Why is (insert young player) ranked ahead of (insert old player)?
Age matters. A lot. This is an empirical finding, since all of these results are based on the aging of past players.

How could Derrick Rose be rated below Brook Lopez and even with Blake Griffin, who has yet to even play an NBA game?
I figured this one was worth taking on specifically. What's important to note here is these results say less about the three-year projections and more about the disconnect between what Rose in particular has accomplished so far in his NBA careers and the perception of his performance. The fact is that at no point in his career to date has Rose shined statistically.

I chose Lopez as my Rookie of the Year in 2008-09, and through two seasons he's totaled 14.2 WARP to Rose's 8.2. Rose's college numbers were also less impressive than his obvious potential. Griffin was the superior NCAA performer, which is why we project him to be as valuable as Rose right off the bat--with the important caveat that there's no good way at this point to account for Griffin missing an entire season due to his fractured patella. Rose is still very young and I think he's an excellent prospect, which is reflected by his WARP projections. But the notion that Rose is a far superior young player to build around than Lopez and Griffin simply isn't born out by the statistics.

Bill Walker? Really?
The problem that Walker represents isn't quite so easily solved. He played extremely well in a small sample of minutes, and because he played too little to even use his 2008-09 statistics, we have nothing else to temper that performance. Eventually, I would like to work on regressing statistics like Walker's to the mean, but for now I don't have a method to do so. The good news is that this only affects a handful of other players, if any.

What does this even matter?
None at all, let's be clear. I don't imagine James' management team reads Basketball Prospectus in its spare time. I just happen to think the question of which of the contenders for his services has the best future is an interesting one to consider, and one that can fairly uniquely be answered with the tools we're trying to develop.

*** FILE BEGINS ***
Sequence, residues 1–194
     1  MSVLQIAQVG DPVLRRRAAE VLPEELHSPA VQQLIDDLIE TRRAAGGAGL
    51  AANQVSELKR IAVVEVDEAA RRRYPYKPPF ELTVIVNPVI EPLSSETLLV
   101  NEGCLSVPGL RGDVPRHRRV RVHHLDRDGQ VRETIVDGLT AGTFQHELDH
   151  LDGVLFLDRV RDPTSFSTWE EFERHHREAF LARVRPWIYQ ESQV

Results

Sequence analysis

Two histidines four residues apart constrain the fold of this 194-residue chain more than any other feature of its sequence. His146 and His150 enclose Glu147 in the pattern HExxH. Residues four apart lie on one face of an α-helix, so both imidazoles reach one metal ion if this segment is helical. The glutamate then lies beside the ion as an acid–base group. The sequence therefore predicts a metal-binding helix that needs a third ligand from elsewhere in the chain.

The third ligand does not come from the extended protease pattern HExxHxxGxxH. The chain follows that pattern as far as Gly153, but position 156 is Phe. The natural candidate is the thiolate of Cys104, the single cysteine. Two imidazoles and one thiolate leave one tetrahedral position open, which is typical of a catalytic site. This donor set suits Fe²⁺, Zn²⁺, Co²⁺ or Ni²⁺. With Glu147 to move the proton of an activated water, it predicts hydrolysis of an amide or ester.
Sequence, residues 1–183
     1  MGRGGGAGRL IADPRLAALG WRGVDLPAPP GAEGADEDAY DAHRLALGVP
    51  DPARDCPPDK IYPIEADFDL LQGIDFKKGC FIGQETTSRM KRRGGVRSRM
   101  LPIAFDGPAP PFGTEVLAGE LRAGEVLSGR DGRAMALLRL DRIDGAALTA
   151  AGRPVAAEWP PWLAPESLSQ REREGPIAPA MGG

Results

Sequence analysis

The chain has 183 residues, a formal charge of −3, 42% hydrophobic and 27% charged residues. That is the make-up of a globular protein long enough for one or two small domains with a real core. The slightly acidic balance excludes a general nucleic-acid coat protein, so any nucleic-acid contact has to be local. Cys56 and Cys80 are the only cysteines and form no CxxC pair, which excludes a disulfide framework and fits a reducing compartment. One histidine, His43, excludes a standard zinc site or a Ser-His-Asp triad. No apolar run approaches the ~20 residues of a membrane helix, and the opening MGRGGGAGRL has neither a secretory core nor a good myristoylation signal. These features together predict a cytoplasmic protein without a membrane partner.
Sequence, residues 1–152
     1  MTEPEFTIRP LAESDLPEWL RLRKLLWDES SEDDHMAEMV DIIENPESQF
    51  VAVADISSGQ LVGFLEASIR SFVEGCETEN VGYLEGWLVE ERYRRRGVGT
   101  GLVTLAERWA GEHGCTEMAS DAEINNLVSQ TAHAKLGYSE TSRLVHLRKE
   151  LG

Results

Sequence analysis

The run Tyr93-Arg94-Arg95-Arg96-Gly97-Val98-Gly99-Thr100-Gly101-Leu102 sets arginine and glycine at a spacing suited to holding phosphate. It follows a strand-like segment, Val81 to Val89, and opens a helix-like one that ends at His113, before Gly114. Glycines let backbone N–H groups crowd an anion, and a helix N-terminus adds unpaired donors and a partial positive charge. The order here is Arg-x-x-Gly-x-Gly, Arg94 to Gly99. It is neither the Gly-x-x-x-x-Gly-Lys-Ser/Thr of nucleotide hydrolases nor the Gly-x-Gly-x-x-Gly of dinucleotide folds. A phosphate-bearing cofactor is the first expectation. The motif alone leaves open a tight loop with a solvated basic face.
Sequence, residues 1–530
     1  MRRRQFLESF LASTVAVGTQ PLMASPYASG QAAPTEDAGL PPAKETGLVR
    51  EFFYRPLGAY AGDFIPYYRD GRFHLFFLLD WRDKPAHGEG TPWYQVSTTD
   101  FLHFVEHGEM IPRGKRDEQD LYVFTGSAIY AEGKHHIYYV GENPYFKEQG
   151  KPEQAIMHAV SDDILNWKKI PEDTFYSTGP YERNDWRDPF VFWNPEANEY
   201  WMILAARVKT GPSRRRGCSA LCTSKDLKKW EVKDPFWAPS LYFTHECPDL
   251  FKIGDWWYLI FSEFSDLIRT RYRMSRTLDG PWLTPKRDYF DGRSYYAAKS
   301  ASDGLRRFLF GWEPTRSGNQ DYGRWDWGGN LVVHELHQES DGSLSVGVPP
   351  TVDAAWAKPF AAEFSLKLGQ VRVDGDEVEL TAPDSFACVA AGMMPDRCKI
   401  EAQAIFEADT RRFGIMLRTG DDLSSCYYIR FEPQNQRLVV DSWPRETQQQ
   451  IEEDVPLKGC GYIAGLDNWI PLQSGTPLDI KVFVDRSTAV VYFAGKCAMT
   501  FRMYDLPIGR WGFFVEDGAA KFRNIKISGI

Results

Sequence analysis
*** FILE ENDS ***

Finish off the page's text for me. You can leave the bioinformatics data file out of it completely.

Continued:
With all that said, let's take a quick look at the updated projections (note that these ones were used to create the graph at the beginning of the column).

New York Knicks

Player/Asset         10-11  11-12  12-13  Total
-----------------------------------------------
Chris Bosh            12.7   10.3    6.8   29.8
Danilo Gallinari       5.1    6.8    8.2   20.2
Bill Walker            5.5    6.7    7.0   19.2
Toney Douglas          3.2    4.3    3.6   11.2
Wilson Chandler        2.8    3.2    2.7    8.6
2011 Cap Space                4.0    4.0    8.0
2010 Cap Space         1.0    1.0    1.0    3.0
2011 Rd 1 (HOU/NYK)           0.6    1.2    1.8
2010 Rd 2 (LAC)        0.0    0.3    0.5    0.7
2012 Rd 2                            0.0    0.0
-----------------------------------------------
Total                 30.3   37.2   35.0  102.5

David Lee              6.3    5.5    4.0   15.9
Total  w/Lee          23.8   32.4   32.3   88.6

New Jersey Nets

Player/Asset         10-11  11-12  12-13  Total
-----------------------------------------------
Brook Lopez            9.5   10.8   11.1   31.4
Devin Harris           6.0    4.9    4.3   15.2
2010 Cap Space         4.0    4.0    4.0   12.0
2010 Rd 1              2.0    3.6    5.2   10.8
Kris Humphries         2.2    2.8    2.4    7.4
Courtney Lee           1.7    2.3    2.3    6.3
Yi Jianlian            1.3    2.4    2.2    5.8
Terrence Williams      1.5    1.6    1.1    4.3
2011 Rd 1                     0.7    1.5    2.2
2010 Rd 1 (DAL)        0.2    0.7    1.1    2.1
Chris Douglas-Roberts  0.0    0.9    0.8    1.7
2012 Rd 1                            0.7    0.7
2011 Rd 2                     0.0    0.0    0.0
2012 Rd 2                            0.0    0.0